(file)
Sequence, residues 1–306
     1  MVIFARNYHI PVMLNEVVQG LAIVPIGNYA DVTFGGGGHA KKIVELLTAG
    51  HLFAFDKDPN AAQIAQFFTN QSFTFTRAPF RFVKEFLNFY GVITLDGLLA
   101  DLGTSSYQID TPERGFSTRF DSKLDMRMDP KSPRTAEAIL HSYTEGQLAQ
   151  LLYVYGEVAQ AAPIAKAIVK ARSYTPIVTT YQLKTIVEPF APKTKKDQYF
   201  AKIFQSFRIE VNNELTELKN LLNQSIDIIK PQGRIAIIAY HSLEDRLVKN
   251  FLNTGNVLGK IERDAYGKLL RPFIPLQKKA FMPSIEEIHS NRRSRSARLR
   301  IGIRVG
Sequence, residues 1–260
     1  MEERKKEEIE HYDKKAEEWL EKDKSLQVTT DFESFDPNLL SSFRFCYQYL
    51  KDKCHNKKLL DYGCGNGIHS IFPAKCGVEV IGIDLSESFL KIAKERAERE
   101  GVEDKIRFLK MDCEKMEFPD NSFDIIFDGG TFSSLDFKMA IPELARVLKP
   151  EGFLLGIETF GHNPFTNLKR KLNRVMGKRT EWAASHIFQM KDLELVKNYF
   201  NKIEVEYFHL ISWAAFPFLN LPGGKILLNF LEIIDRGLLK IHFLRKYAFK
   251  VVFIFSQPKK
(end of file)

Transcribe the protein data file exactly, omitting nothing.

Sequence, residues 1–306
     1  MVIFARNYHI PVMLNEVVQG LAIVPIGNYA DVTFGGGGHA KKIVELLTAG
    51  HLFAFDKDPN AAQIAQFFTN QSFTFTRAPF RFVKEFLNFY GVITLDGLLA
   101  DLGTSSYQID TPERGFSTRF DSKLDMRMDP KSPRTAEAIL HSYTEGQLAQ
   151  LLYVYGEVAQ AAPIAKAIVK ARSYTPIVTT YQLKTIVEPF APKTKKDQYF
   201  AKIFQSFRIE VNNELTELKN LLNQSIDIIK PQGRIAIIAY HSLEDRLVKN
   251  FLNTGNVLGK IERDAYGKLL RPFIPLQKKA FMPSIEEIHS NRRSRSARLR
   301  IGIRVG
Sequence, residues 1–260
     1  MEERKKEEIE HYDKKAEEWL EKDKSLQVTT DFESFDPNLL SSFRFCYQYL
    51  KDKCHNKKLL DYGCGNGIHS IFPAKCGVEV IGIDLSESFL KIAKERAERE
   101  GVEDKIRFLK MDCEKMEFPD NSFDIIFDGG TFSSLDFKMA IPELARVLKP
   151  EGFLLGIETF GHNPFTNLKR KLNRVMGKRT EWAASHIFQM KDLELVKNYF
   201  NKIEVEYFHL ISWAAFPFLN LPGGKILLNF LEIIDRGLLK IHFLRKYAFK
   251  VVFIFSQPKK